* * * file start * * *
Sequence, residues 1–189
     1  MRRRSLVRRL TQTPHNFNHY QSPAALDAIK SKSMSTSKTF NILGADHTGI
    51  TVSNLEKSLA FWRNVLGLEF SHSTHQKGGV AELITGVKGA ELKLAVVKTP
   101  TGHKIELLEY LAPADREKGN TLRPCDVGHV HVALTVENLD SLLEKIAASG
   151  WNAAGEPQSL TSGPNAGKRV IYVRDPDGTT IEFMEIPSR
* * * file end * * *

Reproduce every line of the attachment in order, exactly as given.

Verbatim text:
Sequence, residues 1–189
     1  MRRRSLVRRL TQTPHNFNHY QSPAALDAIK SKSMSTSKTF NILGADHTGI
    51  TVSNLEKSLA FWRNVLGLEF SHSTHQKGGV AELITGVKGA ELKLAVVKTP
   101  TGHKIELLEY LAPADREKGN TLRPCDVGHV HVALTVENLD SLLEKIAASG
   151  WNAAGEPQSL TSGPNAGKRV IYVRDPDGTT IEFMEIPSR